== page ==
Freedom isn’t the ability to indulge in the perversion: that’s slavery, having an awl driven through your ear and a brand stamped on your chest and a chain around your neck, tying you to evil. And that slavery is a bottomless pit. But neither is freedom the ability to step back from the perversion into whatever else you want. Freedom, in the true sense, is slavery to God. Because as you obey Him feverishly, holistically, you live Life as it was designed to be lived. And that design is what the perversion can’t even begin to compete with. Freedom is grabbing the chain around your neck and tying it to God’s caravan as He moves through history.

And when you see His perfection, and you experience the pleasure of His virtues running through you, overpowering evil and perversion, how can you not fight the good fight of the faith and discipline yourself for godliness?[3]

The Sweetness of Redemption

Impurity of every kind ruins the soul of a person just like postmodernism ruins the soul of our culture. Sexual sin reformats your brain, your emotions, and your psyche to be bent inward, while postmodernism reformats our society to only listen to itself for definitions and universal truths. Being healed from sin starts with finding the Truth about it, with shoving new definitions into your head and purifying your mind of the perversions. God has given us every new definition we need in The Bible, and it’s our job to overcome those perversion with the purity of His perfections.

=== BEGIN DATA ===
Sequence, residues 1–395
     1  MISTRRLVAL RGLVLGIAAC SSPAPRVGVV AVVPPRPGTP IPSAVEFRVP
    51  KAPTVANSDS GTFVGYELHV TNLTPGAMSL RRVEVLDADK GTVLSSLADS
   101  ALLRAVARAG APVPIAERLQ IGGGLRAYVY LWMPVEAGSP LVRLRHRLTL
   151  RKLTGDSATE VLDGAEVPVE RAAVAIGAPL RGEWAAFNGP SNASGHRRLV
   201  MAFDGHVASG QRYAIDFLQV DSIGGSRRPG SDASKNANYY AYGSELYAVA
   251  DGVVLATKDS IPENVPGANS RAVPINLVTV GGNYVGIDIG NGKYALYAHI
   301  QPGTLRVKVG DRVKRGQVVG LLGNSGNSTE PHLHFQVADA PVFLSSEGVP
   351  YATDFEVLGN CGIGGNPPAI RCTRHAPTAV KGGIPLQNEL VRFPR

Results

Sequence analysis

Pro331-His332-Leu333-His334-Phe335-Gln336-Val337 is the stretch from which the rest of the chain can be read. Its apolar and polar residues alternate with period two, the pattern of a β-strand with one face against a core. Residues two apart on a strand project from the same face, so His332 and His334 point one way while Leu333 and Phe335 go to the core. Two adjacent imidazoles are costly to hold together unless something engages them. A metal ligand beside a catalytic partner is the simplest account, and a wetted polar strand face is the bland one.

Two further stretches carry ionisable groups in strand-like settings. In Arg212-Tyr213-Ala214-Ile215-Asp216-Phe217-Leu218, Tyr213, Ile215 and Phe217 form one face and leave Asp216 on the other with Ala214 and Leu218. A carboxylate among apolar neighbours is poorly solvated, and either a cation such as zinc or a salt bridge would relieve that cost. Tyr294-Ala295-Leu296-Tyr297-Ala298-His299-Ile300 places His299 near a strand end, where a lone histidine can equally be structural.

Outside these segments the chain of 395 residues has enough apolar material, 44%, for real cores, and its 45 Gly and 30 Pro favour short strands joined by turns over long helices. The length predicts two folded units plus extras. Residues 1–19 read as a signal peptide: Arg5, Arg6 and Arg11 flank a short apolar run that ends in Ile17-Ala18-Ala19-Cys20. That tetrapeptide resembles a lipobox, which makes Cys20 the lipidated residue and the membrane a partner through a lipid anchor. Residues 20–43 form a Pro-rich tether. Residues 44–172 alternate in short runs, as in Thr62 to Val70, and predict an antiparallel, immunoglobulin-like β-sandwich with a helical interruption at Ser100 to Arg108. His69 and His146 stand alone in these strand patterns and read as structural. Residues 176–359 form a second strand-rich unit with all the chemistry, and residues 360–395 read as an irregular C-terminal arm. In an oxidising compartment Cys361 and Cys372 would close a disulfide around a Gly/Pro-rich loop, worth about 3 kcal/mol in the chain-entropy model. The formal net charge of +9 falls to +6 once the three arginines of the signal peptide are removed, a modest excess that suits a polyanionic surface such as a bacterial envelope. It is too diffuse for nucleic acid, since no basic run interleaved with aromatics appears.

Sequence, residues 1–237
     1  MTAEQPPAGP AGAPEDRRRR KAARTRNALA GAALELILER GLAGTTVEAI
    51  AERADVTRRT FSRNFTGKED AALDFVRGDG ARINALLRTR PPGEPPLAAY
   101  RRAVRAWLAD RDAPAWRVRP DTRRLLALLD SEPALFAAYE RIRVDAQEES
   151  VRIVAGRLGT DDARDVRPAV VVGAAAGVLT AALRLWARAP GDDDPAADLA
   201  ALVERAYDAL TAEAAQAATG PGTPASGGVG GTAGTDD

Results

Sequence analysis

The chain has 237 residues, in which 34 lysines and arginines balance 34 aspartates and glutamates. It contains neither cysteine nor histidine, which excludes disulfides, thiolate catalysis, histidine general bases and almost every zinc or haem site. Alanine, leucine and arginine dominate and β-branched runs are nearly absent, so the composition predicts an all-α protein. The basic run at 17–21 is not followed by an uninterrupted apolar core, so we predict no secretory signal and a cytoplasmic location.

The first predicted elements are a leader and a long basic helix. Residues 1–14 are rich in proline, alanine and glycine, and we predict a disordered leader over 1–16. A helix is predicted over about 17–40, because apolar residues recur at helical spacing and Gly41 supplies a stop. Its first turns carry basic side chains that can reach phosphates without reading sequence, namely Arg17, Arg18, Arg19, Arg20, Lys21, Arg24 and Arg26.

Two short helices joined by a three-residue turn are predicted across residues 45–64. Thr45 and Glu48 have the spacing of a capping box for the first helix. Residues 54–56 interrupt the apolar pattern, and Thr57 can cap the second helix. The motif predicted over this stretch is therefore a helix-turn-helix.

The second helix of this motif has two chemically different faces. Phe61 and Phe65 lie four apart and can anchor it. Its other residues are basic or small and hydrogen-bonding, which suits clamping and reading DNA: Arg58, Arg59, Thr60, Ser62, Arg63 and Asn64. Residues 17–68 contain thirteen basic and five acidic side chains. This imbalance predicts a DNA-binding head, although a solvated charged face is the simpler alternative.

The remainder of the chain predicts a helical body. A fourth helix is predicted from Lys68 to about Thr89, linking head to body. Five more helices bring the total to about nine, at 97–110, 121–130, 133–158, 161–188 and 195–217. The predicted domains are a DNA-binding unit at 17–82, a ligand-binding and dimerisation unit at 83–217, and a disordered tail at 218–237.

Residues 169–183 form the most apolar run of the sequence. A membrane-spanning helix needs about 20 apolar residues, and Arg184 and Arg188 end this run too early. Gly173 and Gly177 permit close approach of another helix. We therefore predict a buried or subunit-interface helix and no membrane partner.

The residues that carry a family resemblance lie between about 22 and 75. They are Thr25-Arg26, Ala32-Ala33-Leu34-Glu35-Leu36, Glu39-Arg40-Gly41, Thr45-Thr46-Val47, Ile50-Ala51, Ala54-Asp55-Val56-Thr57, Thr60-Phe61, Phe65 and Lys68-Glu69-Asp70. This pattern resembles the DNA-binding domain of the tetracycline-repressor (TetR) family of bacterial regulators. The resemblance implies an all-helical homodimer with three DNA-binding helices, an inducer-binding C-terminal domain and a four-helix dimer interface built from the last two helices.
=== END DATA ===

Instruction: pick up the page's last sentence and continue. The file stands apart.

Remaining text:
Finding healing from your sin isn’t just about hunkering down and trying harder, it’s about becoming a different person. It’s about being honest with yourself, identifying the sin as a perversion, and then replacing it with the pure form as handed down to us from God. Once we have that, all we need is the courage to follow Him, even when His will leads us into difficulty. The truly free life isn’t one where we are enslaved to our passions, “free” to self-identify as man, woman, or animal, it’s the life where we are enslaved to the one who made us and knows exactly what we need.


  1. 2 Cor 4  ↩

  2. Heb 4  ↩

  3. 2 Tim and 2 Pet  ↩